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Johnny Appleseed of low-maintenance grass seed heading to Wellesley

Posted by Scott Kirsner  September 19, 2012 02:11 PM

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Grass guru Jackson Madnick has been calling me every few weeks from his never-ending world tour to promote Pearl's Premium lawn seed. His goal? To remind me that fall (not spring) is actually the best time to start a lawn.

Wayland-based Pearl's developed its own breeds of seeds for low-maintenance lawns, which don't require as much water or mowing as typical seeds. In 2010, the company took one of the top prizes at the inaugural MassChallenge startup competition.

Madnick tells me that Logan Airport has been using Pearl's, and that a 662-year old castle in England, right, has been relying on the seed to grow lawns in areas previously considered too shady for grass. (Madnick adds that Langley Castle Hotel happens to be owned by his brother, Stuart Madnick, a professor at MIT's Sloan School of Management.)

MadnickJackson.jpegMadnick, left, says the company's most recent distribution deal is with Home Depot in the Chicago area (it can also be found in Whole Foods Markets throughout New England, along with Mahoney's Garden Centers.) The company has been supported so far by investments from friends and family, but Madnick says they're hunting for additional funding.

Madnick's tour of the U.S. (he's in Omaha, Nebraska today) brings him to the Wellesley Public Library on the evening of October 3rd, for a talk on "Green Home, Health and Lawn."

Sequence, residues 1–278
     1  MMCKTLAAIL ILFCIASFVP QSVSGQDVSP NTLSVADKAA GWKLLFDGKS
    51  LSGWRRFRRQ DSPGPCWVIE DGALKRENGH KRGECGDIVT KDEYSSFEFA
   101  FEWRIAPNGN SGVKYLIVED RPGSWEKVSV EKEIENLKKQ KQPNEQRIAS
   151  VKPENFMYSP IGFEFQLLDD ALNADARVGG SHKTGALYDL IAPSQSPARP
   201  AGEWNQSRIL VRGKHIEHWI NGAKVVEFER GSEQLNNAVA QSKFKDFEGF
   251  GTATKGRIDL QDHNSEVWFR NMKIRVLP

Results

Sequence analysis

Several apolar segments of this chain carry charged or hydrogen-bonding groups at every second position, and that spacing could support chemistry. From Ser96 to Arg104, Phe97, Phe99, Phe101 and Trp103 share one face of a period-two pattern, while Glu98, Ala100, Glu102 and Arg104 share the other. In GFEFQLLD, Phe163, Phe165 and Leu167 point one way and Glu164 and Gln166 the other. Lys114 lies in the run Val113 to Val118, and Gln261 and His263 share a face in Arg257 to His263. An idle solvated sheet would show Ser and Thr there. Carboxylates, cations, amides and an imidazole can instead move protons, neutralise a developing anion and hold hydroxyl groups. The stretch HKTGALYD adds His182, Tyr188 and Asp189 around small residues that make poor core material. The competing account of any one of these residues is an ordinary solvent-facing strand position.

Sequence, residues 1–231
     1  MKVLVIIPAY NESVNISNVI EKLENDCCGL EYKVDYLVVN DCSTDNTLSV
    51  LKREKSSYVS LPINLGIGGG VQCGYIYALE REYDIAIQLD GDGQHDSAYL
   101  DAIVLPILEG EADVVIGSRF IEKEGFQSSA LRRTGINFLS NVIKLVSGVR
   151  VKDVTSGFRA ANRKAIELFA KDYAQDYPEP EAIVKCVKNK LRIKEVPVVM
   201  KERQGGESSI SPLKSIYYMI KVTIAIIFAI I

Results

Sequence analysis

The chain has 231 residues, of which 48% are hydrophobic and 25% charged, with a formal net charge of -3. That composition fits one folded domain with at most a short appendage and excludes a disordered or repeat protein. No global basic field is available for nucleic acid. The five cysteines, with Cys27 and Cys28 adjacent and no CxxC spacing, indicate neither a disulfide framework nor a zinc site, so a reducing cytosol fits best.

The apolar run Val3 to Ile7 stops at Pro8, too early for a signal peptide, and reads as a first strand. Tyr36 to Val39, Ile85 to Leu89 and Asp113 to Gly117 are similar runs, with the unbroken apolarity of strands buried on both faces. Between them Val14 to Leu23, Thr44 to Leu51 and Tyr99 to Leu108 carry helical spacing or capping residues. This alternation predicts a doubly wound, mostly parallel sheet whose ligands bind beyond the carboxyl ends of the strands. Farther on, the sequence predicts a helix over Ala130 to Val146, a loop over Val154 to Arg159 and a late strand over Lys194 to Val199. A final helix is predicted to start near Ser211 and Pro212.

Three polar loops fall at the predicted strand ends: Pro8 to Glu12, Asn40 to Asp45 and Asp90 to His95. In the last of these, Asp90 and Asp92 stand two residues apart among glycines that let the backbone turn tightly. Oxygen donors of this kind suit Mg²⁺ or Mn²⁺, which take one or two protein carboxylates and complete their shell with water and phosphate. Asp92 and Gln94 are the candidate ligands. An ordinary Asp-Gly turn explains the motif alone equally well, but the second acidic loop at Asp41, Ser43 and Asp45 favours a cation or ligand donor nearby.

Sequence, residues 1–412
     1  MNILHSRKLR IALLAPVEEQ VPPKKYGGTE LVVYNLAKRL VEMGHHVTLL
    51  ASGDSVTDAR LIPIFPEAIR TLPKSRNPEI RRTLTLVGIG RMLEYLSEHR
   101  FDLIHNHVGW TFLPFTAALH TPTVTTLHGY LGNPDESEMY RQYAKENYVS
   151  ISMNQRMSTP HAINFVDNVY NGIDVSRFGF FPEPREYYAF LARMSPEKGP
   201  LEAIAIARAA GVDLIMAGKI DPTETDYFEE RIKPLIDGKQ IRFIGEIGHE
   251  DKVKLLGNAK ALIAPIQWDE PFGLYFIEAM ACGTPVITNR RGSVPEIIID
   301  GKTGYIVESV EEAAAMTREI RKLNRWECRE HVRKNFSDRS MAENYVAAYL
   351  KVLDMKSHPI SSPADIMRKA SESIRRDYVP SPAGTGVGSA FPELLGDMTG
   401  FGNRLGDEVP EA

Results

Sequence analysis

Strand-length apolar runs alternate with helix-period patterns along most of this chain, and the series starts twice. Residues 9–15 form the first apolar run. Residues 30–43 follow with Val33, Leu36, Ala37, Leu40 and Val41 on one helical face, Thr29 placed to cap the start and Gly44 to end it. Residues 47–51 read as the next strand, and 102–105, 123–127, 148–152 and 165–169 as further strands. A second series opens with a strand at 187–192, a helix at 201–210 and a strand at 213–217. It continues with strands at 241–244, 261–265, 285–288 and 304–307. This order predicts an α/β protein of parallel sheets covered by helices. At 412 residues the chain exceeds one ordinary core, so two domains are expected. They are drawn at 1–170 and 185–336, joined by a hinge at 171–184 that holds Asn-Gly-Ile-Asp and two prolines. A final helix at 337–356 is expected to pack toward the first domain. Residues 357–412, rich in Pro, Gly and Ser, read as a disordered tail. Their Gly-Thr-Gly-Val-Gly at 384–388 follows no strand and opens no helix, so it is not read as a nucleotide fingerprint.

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About Scott Kirsner

Scott Kirsner was part of the team that launched in 1995, and has been writing a column for the Globe since 2000. His work has also appeared in Wired, Fast Company, The New York Times, BusinessWeek, Newsweek, and Variety. Scott is also the author of the books "Fans, Friends & Followers" and "Inventing the Movies," was the editor of "The Convergence Guide: Life Sciences in New England," and was a contributor to "The Good City: Writers Explore 21st Century Boston." Scott also helps organize several local events on entrepreneurship, including the Nantucket Conference and Future Forward. Here's some background on how Scott decides what to cover, and how to pitch him a story idea.

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